opening.onupgradeneeded = function (event) {
                setupDatabaseAsync(tx).then(function (db) {
                    complete(db);
                });
            };
            opening.onsuccess = function (event) {
                var db = event.target.result;
                complete(mixinObjectStores(db));
            };
            opening.onerror = error;
        });
    };
    
    function setupDatabaseAsync(tx) {
        return new WinJS.Promise(function (complete, error, progress) {
            var kids;
            tx.oncomplete = function (event) {
                complete(mixinObjectStores(db));
            };
            tx.onerror = error;
            kids = tx.db.createObjectStore('kids', {
                keyPath: 'id',
                autoIncrement: true
            });
            kids.createIndex('byName', 'name');
        });
    };
    
    function mixinObjectStores(database) {
        return myExtendThingy(database, objectStoreMixin);
    };

    Also I want to point out that progress should not report "success." The complete function reports success. You should have progress report interim progress.


    Senior Dev for Windows Phone Services


    Wednesday, February 22, 2012 12:57 AM
  • Thanks Bryan for your answer! I still need to get my head wrapped around promisses and I will try to follow the rule not to pass the promise handlers out of function scope from now on. It also makes the code much more readable!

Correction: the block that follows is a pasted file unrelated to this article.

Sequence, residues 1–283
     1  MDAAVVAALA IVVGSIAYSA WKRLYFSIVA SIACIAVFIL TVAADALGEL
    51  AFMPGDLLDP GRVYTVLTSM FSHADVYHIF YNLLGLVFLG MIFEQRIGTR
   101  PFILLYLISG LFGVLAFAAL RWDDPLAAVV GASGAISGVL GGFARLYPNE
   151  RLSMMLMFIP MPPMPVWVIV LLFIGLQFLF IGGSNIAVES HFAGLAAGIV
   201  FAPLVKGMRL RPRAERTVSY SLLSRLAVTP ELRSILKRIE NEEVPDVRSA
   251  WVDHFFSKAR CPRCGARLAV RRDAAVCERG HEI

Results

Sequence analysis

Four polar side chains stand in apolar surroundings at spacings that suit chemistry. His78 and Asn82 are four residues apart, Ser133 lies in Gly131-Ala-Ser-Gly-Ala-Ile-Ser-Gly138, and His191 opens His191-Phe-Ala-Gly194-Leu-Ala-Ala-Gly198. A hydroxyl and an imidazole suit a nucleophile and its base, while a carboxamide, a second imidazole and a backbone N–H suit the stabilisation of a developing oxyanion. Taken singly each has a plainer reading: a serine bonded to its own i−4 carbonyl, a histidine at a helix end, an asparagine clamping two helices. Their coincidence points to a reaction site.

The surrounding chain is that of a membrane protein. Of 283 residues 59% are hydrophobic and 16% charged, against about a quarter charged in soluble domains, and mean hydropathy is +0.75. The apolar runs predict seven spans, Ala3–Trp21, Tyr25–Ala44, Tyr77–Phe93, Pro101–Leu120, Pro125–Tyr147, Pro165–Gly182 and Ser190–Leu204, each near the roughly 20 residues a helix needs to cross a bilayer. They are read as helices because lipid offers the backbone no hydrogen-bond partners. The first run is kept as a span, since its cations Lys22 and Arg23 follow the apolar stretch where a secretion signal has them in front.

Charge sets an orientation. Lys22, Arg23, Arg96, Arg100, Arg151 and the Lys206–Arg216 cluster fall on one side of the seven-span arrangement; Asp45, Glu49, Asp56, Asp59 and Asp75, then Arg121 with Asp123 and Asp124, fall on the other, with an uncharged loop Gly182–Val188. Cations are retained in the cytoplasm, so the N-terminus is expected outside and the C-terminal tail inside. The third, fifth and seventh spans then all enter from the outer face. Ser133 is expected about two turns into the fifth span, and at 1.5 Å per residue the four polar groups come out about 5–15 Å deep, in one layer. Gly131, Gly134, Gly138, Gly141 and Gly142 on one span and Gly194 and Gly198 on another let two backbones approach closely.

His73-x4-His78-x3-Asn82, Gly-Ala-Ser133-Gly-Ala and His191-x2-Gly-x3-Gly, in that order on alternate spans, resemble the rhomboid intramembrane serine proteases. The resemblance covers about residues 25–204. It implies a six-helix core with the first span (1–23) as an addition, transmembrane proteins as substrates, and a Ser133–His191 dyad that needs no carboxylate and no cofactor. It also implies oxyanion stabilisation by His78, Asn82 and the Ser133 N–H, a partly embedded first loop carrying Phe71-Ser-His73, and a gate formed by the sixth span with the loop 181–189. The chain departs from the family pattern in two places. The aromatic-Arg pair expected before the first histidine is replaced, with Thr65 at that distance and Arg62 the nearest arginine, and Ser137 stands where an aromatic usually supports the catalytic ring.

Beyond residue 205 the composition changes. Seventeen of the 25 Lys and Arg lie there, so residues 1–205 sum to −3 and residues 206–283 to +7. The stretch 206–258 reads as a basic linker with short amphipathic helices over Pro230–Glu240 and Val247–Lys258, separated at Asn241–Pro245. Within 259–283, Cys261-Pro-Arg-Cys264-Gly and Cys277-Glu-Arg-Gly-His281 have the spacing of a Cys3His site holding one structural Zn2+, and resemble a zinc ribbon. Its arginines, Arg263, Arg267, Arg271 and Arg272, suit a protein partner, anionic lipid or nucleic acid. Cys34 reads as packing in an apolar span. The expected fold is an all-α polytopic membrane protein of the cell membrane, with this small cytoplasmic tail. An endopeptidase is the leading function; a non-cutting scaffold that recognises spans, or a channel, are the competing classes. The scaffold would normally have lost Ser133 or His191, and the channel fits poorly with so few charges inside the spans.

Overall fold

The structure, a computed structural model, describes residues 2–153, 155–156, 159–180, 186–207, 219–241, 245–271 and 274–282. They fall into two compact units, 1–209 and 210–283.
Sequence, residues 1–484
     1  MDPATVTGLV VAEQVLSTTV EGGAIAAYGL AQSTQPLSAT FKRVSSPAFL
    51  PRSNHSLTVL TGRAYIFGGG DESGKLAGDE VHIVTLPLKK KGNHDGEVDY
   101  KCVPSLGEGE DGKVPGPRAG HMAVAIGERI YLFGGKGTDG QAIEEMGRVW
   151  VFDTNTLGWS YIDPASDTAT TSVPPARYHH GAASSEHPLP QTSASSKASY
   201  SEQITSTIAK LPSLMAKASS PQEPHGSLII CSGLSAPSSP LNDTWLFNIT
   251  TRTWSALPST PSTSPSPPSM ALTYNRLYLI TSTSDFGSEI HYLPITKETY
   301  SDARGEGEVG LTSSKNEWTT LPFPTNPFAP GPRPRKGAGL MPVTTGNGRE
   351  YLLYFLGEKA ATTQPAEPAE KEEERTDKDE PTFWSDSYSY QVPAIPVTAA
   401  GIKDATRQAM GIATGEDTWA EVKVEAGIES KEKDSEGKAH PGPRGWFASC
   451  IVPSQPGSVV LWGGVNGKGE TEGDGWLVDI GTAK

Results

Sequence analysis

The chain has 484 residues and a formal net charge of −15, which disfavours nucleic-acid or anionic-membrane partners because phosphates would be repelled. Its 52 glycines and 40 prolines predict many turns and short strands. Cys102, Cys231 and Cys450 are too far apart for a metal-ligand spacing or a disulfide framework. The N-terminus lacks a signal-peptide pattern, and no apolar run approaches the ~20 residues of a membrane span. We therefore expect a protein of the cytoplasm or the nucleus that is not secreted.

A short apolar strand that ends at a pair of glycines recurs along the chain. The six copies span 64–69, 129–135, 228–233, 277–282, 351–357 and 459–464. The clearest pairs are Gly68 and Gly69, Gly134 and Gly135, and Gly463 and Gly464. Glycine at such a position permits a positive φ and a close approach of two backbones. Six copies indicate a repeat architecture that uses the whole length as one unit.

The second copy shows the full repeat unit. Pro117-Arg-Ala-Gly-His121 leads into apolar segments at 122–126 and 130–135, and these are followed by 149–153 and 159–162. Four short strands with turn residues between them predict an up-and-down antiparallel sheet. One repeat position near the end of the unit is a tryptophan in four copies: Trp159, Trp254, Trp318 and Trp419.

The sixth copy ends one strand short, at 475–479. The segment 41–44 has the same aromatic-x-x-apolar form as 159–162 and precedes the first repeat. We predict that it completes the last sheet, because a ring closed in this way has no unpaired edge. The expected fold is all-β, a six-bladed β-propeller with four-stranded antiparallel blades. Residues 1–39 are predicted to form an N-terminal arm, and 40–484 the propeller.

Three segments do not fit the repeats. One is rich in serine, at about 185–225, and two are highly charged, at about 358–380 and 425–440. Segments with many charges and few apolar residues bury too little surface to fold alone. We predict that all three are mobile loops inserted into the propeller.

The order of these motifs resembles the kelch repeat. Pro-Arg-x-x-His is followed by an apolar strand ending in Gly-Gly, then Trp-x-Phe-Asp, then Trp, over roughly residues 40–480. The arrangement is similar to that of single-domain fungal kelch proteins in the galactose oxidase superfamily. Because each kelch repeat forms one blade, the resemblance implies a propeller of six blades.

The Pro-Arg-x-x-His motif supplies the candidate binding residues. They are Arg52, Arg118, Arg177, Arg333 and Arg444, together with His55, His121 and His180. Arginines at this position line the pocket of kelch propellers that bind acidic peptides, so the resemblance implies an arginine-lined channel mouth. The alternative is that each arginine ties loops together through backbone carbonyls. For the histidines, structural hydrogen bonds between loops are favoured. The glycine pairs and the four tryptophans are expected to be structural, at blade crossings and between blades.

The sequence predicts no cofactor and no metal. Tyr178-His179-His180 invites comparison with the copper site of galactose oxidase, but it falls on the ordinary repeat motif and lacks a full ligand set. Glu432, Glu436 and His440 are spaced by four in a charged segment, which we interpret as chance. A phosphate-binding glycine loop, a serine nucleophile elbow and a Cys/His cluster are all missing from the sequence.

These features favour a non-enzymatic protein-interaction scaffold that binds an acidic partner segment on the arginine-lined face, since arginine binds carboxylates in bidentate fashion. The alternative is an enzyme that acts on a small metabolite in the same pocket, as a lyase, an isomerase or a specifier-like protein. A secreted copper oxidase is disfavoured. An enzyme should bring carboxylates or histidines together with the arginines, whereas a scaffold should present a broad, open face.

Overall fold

Since I have a nice Spec'ed Metro App for BDD I will just throw in your code and see if I get a green run. If I do, your answer will become green here too :)

    Thanks a lot MSFT for your outstanding support here!

    Wednesday, February 22, 2012 6:46 AM
  • I also want to note, you don't need to call mixinObjectStores in your complete callback of the transaction. Once the upgradeneeded event is completed, the onsuccess callback on the open call of the indexeddb will get called with the correct version of the database.

    In your case you would work on the old version and would recieve onversionchange events on the IDatabase object.

    If you want some more information about indexededdb, I blogged about several subjects.

    www.kristofdegrave.be

    Wednesday, March 21, 2012 7:00 AM